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Maritime authority: Don’t blame us for ferry tragedy that killed mum, daughter

By Brian Ocharo September 2nd, 2022 3 min read

The Kenya Maritime Authority (KMA) has distanced itself from the deficiencies on the MV Harambee ferry that led to a woman, Mariam Kighenda, and her four-year-old daughter Amanda Mutheu, dying at the Likoni channel on September 29, 2019.

A report presented in court indicates that the authority had identified defects on the vessel and advised the Kenya Ferry Services (KFS) to correct them before it resumes operations.

Appearing before Mombasa Chief Magistrate Martha Mutuku, former KMA Director General George Nyamoko said it was the responsibility of KFS to ensure passenger safety of the vessel before use.

“I don’t think KMA failed as a regulator. It is the responsibility of the vessel owner to ensure compliance with safety measures,” he told an inquest into the death of Ms Kighenda and her daughter.

The two died after their vehicle slipped from the faulty vessel and plunged into the Indian Ocean less than seven minutes into the journey.

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Kighenda had parked the vehicle on the right side of the ferry. The accident occurred midstream as the vessel was taking passengers from Mombasa mainland to the Island.

It took 13 days before the bodies were retrieved 45 metres to the sea bed.

Mr Nyamoko pointed out that the deficiencies in the ferry had been noted in an inspection carried out on February 6, 2019, seven months before the tragedy.

According to the witness, the faults identified were addressed and a seaworthiness certificate was issued by the agency.

“The anomalies were addressed, but I attribute the accident to the age of the ferry and lack of constancy in maintaining the vessel,” he said.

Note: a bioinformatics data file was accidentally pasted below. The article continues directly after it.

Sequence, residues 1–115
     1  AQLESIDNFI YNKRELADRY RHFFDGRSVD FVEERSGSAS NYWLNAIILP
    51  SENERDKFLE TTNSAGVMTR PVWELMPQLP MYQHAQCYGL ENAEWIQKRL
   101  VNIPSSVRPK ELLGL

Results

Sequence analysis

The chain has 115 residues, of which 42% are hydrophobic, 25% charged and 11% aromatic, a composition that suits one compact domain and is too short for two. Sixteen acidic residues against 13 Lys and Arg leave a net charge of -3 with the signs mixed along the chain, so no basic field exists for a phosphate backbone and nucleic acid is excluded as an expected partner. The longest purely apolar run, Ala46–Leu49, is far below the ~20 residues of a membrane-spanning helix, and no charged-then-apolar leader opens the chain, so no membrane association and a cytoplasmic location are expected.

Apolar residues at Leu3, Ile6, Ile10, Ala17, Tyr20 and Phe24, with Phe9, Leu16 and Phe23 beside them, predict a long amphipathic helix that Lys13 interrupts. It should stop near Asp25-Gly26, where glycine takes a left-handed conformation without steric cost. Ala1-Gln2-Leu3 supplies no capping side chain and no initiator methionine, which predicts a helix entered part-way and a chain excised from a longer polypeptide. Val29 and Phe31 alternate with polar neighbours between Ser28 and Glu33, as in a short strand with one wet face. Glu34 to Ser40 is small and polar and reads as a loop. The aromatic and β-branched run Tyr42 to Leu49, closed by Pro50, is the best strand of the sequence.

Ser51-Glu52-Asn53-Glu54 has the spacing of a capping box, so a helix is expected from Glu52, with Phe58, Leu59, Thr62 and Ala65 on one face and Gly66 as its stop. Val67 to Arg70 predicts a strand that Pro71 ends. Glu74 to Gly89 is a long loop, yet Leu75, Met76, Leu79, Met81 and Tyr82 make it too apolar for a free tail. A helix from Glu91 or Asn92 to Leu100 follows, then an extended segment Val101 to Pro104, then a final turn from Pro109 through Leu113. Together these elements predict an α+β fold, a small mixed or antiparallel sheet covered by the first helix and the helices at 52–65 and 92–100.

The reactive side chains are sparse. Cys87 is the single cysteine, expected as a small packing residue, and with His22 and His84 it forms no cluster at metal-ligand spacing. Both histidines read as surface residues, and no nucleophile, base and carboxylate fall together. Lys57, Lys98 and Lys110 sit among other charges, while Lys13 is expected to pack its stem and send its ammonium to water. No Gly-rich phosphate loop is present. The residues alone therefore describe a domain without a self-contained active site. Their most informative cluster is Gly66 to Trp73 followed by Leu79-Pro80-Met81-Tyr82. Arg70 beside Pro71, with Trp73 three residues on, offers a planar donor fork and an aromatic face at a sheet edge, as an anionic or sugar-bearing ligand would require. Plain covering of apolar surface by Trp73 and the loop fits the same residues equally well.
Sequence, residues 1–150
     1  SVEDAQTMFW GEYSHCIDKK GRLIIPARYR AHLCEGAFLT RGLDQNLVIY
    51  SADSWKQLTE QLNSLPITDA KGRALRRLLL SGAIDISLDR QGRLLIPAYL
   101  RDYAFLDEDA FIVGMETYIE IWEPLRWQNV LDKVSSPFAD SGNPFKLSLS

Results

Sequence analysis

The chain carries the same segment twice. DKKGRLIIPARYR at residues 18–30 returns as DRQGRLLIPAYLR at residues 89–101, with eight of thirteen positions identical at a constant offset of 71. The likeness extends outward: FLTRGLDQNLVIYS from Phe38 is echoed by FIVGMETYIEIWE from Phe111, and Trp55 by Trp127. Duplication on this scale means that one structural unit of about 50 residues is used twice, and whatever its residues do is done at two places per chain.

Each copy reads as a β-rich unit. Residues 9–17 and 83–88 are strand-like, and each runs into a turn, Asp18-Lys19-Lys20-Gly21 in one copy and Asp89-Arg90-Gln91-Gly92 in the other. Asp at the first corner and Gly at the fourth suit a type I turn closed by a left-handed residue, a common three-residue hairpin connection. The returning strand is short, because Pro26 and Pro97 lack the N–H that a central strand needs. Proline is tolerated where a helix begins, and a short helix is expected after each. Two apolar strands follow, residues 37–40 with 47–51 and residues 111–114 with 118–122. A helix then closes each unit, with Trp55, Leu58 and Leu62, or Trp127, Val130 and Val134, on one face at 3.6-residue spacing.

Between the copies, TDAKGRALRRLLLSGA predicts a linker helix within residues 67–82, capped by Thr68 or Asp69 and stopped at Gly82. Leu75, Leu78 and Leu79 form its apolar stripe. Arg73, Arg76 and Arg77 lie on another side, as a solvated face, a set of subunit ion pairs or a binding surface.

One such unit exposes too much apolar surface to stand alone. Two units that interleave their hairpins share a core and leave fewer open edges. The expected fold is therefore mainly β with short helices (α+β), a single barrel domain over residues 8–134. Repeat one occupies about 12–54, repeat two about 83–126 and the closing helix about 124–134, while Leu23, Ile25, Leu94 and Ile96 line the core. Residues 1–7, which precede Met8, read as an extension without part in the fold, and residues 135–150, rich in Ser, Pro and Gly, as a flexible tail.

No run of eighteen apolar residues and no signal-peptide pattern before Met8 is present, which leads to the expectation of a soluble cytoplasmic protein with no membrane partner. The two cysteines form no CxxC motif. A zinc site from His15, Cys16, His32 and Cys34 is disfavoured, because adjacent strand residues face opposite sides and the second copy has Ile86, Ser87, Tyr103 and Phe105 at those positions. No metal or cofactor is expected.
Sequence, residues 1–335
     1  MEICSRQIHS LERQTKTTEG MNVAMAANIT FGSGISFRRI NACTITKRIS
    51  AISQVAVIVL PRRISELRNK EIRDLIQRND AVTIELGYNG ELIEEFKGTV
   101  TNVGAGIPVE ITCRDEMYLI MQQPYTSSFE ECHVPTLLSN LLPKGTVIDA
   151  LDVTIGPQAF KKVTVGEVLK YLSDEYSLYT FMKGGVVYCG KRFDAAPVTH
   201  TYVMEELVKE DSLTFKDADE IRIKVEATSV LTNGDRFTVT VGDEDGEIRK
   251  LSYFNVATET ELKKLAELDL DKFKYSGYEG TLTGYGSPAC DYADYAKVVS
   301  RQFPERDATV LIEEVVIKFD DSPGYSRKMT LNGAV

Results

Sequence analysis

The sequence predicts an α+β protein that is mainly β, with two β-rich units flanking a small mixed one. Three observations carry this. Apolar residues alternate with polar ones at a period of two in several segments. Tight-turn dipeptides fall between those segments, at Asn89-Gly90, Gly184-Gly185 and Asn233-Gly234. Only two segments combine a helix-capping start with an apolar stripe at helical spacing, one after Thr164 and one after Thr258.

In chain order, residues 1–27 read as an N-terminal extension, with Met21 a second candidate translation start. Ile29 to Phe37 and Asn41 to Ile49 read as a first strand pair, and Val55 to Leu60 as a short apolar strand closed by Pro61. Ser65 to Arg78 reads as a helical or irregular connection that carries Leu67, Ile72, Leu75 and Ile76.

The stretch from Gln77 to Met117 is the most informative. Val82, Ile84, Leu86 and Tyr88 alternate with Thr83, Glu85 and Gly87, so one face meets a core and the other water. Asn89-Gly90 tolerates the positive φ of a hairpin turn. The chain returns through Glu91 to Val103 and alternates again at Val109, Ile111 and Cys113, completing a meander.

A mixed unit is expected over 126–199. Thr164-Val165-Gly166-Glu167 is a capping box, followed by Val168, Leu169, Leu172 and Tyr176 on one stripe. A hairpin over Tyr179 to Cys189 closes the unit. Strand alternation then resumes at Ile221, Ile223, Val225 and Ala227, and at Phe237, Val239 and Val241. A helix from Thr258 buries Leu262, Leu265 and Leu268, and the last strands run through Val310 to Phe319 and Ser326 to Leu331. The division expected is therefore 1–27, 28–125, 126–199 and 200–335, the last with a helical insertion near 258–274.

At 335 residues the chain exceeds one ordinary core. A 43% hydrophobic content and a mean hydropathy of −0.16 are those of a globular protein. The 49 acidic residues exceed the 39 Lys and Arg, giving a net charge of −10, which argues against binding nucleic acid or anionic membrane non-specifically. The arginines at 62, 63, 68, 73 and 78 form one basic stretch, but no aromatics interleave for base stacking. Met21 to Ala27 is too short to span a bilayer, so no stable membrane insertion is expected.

Following the accident, Mr Nyamoko said, the vessel was re-inspected on October 15, 2019.

Mariam Kighenda and her daughter Amanda Mutheu drowned in the Indian Ocean three weeks ago.

In this re-inspection, various equipment was found onboard including life jackets, life buoys and rigid life rafts, which are used in case of an emergency.

However, the former DG said the service for a number of portable fire extinguishers onboard was found to be overdue since August 2019.

“Forward and aft prows were found to be non-operational due to failure of the hydraulic lifting system and the aft prow flaps corroded. The Standard Operating Procedures (SOP) were not presented during the inspection,” he said.

The witness also told the inquest that the coxswain in charge of the ferry holds a coxswain certificate issued under Section 128 of the Harbour Regulations of 1970, which were revoked by the Merchant Shipping (Training and Certification) Regulations, 2016.

The report, which Mr Nyamoko tabled in court, also suggested that onboard staff assisting passengers require training on crowd management.

“Further, note that a number of defects noticed during re-inspection, KFS was advised to correct critical ones before the ferry resumes operations,” he said.

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Some of the defects required immediate attention while others required to be corrected within 14 days from the date of re-inspection.

He also mentioned that some of the critical issues with the vessels were not brought to the attention of the authority through written communication as required by the law.

“Partly I can attribute flipping of the vehicle to non-lifting of the prows. The safe distance while parking inside the vessel should be observed. If this was observed, the unfortunate incident couldn’t have happened because the driver would have had enough time to respond to the reversing vehicle,” he said.

The certificate of examination and test of the vehicle produced by the National Transport and Safety Authority (NTSA) in court showed the parking brake of the vehicle was engaged, wiper blade and arms engaged (on) maximum speed.

“No pre-accident defects noted,” said the report.

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In June, the inquest was told that faulty prows that could not be lifted were to blame for the accident.

The prow is the pointed or projected part of a ferry vessel located at both ends. Its key function is to provide necessary buoyancy to prevent burying the vessel in the sea and for loading vehicles and passengers.

Mr Kennedy Mukhebu, an engineering technician at the KFS disclosed that the prows had been dysfunctional, and static and were just set above the water level.

The witness also ruled out rough water as having played a role in causing the accident.

KFS Managing Director Bakari Gowa had also acknowledged the safety measures of MV Harambee were not in place during the accident.

He however blamed the lack of funds for the defects that the ferries were facing at the time.

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